Table 2. Correlation between the clinicopathologic characteristics and expression of Axl protein in breast carcinoma
CharacteristicsnAxl (%)P value
Axl (high)Axl (low)
Group
Cancer tissues10172 (71.3%)29 (28.7%)0.009
Transitional tissues10154 (53.5%)47 (46.5%) 
Age (years)
≥506839 (57.4%)29 (42.6%)0.790
<503318 (54.5%)15 (45.5%) 
Histological grade
G17632 (42.1%)44 (57.9%)0.003
G2, G32519 (76.0%)6 (24.0%) 
Lymph node metastasis
Absent4822 (45.8%)26 (54.2%)0.004
Present5339 (73.6%)14 (26.4%) 
Distant metastasis
Yes2014 (70.0%)6 (30.0%)0.144
No8143 (51.9%)38 (48.1%) 
Clinical stage
I–II4520 (44.4%)25 (55.6%)0.003
III–IV5641 (73.2%)15 (26.8%) 

Discussion

For most solid malignancies, metastasis remains the major driver of mortality and relapse. Cancer metastasis is the process by which cancer cells spread from a primary tumor to other non-adjacent organs and tissues, forming viable secondary deposits of cancer and representing the end stage of a complex multistep cellular process terms as the invasion metastasis cascade [1, 30]. Our growing body of knowledge regarding this process provides the basis for the development of molecularly targeted therapeutics aimed at the tumor cell or its interaction with the host microenvironment. Here, our final goal is to identify genes, which could contribute to the differences in the invasion ability and chemosensitivity, and research the mechanism of how this interested gene changes invasion properties and chemosensitivity.

We previously showed that Axl has a crucial role in promoting invasion, lymphatic metastasis, and multidrug resistance [10, 26]. In this study, we identified down-regulating of Axl not only could effectively regulate the invasiveness, drug resistance of breast tumor cells in vitro, and animal models in vivo, but also related with clinicopathologic characteristics of human breast cancer. These results clearly demonstrate that Axl confers increasing invasion and decreasing chemosensitivity in breast cancer cell lines. In addition, we showed that Axl induces a mesenchymal phenotype and this in turn translates into increased cell invasiveness and tumor metastasis.

The molecular mechanism of Axl gene in physiological process and disease development is of great interest to academics and activists [11-13, 15, 16]. It has been reported that Axl is associate with several signal transduction pathways, in which the PI3K/Akt pathway is one of the core intracellular signaling pathways [8, 18]. In this study, we intensively elucidated the possible signaling transduction mechanism of Axl on the tumor invasion and chemosensitivity in human breast cell lines MDA-MB-231 and MCF-7 with high, low metastatic potential, and affirmed that knockdown of Axl suppresses the PI3K/Akt pathway expression, which been inhibited by LY294002 or Akt shRNA can reduce the invasion phenotype and chemoresistance of breast cancer cells. Furthermore, we found the activation of PI3K/Akt pathway rescued the cells from suppressed invasion and chemoresistance caused by Axl knockdown, and Axl knockdown affected invasion and chemosensitivity when PI3K/Akt pathway was overinhibited. All in all, these results demonstrated invasion ability and chemosensitivity of Axl was, at least in part, PI3K/Akt signaling pathway dependent.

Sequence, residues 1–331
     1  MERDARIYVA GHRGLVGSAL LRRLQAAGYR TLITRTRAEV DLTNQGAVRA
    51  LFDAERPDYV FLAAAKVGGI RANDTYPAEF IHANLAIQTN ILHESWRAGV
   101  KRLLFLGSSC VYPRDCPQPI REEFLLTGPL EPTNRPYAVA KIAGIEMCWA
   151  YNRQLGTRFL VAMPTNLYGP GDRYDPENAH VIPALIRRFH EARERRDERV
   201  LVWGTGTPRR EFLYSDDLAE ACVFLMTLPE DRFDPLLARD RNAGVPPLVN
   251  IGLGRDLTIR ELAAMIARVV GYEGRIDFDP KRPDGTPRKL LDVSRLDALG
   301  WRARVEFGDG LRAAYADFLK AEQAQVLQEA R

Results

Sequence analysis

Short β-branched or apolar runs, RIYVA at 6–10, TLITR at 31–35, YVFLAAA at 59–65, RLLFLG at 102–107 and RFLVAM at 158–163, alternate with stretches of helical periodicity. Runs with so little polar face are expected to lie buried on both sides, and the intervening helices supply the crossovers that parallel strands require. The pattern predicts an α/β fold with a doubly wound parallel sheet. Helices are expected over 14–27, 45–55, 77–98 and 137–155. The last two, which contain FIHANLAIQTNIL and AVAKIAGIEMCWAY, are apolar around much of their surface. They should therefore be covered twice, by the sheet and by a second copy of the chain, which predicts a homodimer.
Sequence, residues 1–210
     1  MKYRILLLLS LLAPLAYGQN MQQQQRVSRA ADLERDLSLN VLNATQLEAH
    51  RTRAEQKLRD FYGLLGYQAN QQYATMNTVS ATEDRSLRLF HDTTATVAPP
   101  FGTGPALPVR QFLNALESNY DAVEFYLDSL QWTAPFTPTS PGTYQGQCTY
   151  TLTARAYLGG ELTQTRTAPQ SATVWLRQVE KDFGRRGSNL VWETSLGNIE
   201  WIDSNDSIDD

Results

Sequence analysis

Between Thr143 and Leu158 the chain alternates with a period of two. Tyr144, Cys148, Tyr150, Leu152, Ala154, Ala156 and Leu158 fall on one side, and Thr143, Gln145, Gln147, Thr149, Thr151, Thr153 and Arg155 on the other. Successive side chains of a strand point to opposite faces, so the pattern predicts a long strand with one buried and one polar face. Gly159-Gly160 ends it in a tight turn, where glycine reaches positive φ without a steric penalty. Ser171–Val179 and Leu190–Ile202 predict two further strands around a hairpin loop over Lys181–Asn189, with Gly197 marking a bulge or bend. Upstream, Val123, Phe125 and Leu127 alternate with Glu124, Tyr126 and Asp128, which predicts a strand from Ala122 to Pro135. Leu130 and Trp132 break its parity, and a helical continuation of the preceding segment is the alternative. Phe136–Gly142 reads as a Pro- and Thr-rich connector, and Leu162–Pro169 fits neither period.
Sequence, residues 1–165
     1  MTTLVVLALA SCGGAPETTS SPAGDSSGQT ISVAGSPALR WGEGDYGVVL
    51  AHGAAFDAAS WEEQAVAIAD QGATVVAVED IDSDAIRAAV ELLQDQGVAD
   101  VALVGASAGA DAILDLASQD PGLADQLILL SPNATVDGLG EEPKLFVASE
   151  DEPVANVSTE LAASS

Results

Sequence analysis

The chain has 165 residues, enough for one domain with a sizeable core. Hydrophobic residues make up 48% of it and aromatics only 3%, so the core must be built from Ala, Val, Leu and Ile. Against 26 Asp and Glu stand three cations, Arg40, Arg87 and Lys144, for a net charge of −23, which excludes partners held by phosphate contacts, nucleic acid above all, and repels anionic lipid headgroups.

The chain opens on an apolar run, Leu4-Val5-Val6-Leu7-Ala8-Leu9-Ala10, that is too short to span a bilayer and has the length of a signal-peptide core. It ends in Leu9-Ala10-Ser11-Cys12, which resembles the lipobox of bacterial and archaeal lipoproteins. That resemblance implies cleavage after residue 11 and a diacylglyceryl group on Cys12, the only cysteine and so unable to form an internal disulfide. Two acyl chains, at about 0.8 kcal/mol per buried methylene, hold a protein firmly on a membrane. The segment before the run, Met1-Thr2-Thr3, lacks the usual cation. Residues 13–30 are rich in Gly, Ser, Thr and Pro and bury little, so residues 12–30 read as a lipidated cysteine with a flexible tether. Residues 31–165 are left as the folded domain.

Stabilization of Slug is reported to be regulated through a modulation of PI3K/Akt/GSK3β signaling [31, 32]. The zinc fingers of Slug as the major epithelial–mesenchymal transition (EMT)-inducing transcriptional factor [33, 34] were also contributed to cancer progression inducing by Axl. We observed that silence of Axl restrained the expression of Snail and Slug. In addition, inhibition of the PI3K and Akt pathway also blocked the level of Slug, and further reversed the invasive properties and chemoresistance of MDA-MB-231 cells. While the level of Slug increased in MDA-MB-231 cells with GSK3β inhibitor treatment. Besides, the SB415286 as the inhibitor of GSK3β made the MDA-MB-231 cells more invasive and less susceptible to chemotherapy. These results indicated the role of the regulation of Slug expression in Axl-mediated EMT and showed that Slug serves as a downstream factor of Axl via PI3K/Akt/GSK3β pathway participate in promoting invasive property and chemoresistance.